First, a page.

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have so much verity, as they hold of conformity unto that intellect, in whose idea they had their first determinations. And, therefore, being the rule, He cannot be irregular; nor, being truth itself, conceivably admit the impossible society of error.
A further Illustration of the same. BEING thus deluded before the fall, it is no wonder if their conceptions were deceitful, and could scarce speak without an error after. For, what is very remarkable (and no man that I know hath yet observed) in the relations of Scripture before the flood, there is but one speech delivered by man, wherein there is not an erroneous conception ;8 and, strictly examined, most heinously injurious unto truth. The pen of Moses is brief in the account before the flood, and the speeches recorded are but six. The first is that of Adam, when, upon the expostulation of God, he replied, " I heard thy voice in the garden, and, because I was naked, I hid myself.” In which reply there was included a very gross mistake, and, if with pertinacity maintained, a high and capital error. For, thinking by this retirement to obscure himself from God, he infringed the omnisciency and essential ubiquity of his Maker: who, as he created all things, so is he beyond and in them all ; not only in power, as under his subjection, or in his presence, as being in his cognition ; but in his very essence, as being the soul of their causalities, and the essential cause of their existencies. Certainly, his posterity at this distance, and after so perpetuated an impairment, cannot but condemn the poverty of his conception, that thought to obscure himself from his Creator in the shade of the garden, who had beheld him before in the darkness of his chaos, and the great obscurity of nothing; that thought to fly from God, which could not fly himself ; seeth all things as they are ; and maketh their physical constitution to be what it is: and knoweth the moral relations thereunto belonging according to eternal rectitude, which is his nature.—Capel Loft.
8 There is but one speech, dc.] Adverting probably to the speech of Lamech at the birth of Noah.
or imagined that one tree should conceal his nakedness
from God's eye, as another had revealed it unto his own. Those tormented spirits that wish the mountains to cover them, have fallen upon desires of minor absurdity, and chosen ways of less improbable concealment. Though this be also as ridiculous unto reason, as fruitless unto their desires ; for he that laid the foundations of the earth cannot be excluded the secrecy
of the mountains; nor can there anything escape the perspicacity of those eyes which were before light, and in whose optics there is no opacity. This is the consolation of all good men, unto whom his ubiquity affordeth continual comfort and security : and this is the infliction of hell, unto whom it affordeth despair and remediless calamity. For those restless spirits that fly the face of the Almighty, being deprived the fruition of his eye, would also avoid the extent of his hand; which, being impossible, their sufferings are desperate, and their afflictions without evasion; until they can get out of Trismegistus his circle, that is, to extend their wings above the universe, and pitch beyond ubiquity.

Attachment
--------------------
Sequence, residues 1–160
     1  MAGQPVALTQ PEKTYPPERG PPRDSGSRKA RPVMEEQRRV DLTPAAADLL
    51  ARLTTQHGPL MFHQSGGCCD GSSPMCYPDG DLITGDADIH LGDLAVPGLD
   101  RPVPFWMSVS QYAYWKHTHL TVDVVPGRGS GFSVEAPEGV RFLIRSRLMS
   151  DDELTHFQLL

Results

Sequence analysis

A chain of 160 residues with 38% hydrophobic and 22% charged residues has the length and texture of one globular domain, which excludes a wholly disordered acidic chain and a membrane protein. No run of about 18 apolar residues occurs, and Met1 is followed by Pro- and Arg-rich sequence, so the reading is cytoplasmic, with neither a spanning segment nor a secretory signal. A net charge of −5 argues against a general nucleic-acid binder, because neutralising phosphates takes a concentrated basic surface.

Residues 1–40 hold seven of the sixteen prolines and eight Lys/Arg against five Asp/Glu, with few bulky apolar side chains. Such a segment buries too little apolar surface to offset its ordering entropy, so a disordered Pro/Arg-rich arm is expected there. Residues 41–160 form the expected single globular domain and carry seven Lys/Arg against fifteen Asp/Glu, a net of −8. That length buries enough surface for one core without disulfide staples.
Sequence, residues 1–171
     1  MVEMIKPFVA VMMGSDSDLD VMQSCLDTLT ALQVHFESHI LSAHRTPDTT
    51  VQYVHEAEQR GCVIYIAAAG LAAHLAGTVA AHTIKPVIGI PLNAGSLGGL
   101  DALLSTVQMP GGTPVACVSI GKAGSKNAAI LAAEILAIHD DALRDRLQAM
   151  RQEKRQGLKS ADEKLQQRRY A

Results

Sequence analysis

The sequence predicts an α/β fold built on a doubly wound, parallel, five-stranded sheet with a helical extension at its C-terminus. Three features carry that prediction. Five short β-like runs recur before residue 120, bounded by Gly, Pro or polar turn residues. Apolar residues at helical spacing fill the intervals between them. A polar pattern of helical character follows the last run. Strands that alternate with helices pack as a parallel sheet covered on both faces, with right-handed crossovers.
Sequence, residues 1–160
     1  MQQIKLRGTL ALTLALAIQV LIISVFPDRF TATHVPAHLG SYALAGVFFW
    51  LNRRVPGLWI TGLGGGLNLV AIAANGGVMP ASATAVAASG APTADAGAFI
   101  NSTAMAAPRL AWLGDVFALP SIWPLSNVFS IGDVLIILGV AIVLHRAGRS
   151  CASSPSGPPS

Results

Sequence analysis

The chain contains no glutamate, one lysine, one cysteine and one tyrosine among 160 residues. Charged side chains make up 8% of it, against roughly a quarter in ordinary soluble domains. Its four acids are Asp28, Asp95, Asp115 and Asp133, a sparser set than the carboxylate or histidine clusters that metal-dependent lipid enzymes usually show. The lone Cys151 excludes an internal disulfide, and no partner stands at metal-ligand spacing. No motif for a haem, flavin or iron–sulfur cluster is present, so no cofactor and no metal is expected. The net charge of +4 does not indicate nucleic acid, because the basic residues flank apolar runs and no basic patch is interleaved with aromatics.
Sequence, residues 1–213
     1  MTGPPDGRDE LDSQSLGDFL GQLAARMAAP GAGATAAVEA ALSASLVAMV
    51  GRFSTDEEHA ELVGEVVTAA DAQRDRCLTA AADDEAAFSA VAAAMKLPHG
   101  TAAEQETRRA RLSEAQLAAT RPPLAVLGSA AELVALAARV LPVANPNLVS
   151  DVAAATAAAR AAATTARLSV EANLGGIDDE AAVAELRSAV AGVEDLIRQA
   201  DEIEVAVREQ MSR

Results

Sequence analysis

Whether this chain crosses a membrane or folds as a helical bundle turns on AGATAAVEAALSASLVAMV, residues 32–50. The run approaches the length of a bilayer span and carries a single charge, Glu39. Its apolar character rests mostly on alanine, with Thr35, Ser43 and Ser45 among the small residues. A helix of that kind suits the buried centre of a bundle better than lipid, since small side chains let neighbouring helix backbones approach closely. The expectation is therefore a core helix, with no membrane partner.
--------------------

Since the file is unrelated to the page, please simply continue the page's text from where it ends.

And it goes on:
The second is that speech of Adam unto God, “The woman whom thou gavest me to be with me, she gave me of the tree, and I did eat.” This indeed was an unsatisfactory reply, and therein was involved a very impious error, as implying God the author of sin, and accusing his maker of his transgression. As if he had said, “If thou hadst not given me a woman, I had not been deceived ; thou promisedst to make her a help, but she hath proved destruction unto me: had I remained alone, I had not sinned; but thou gavest me a consort, and so I became seduced.” This was a bold and open accusation of God, making the fountain of good the contriver of evil; and the forbidder of the crime, an abettor of the fact prohibited. Surely his mercy was great, that did not revenge the impeachment of his justice; and his goodness to be admired, that it refuted not his argument in the punishment of his excusation, and only pursued the first transgression, without a penalty of this the second.
The third was that of Eve, "The serpent beguiled me, and I did eat." In which reply there was not only a very feeble
o his goodness to be admired, &c.] Meaning that God's goodness withheld him from proving himself just, by punishing Adam for his implied charge of injustice.
excuse, but an erroneous translating her own offence upoi another; extenuating her sin from that which was an ag gravation, that is, to excuse the fact at all, much more upor the suggestion of a beast, which was before, in the strictest terms, prohibited by her God. For although we now do hope the mercies of God will consider our degenerated integrities unto some minoration of our offences; yet, had not the sincerity of our first parents so colourable expectations, unto whom the commandment was but single, and their integrities best able to resist the motions of its transgression. And therefore so heinous conceptions have risen hereof, that some have seemed more angry therewith than God himself: being so exasperated with the offence, as to call in question their salvation, and to dispute the eternal punishment of their maker. Assuredly with better reason may posterity accuse them, than they the serpent, or one another; and the displeasure of the Pelagians must needs be irreconcilable, who, peremptorily maintaining they can fulfil the whole law, will insatisfactorilya condemn the nonobservation of one.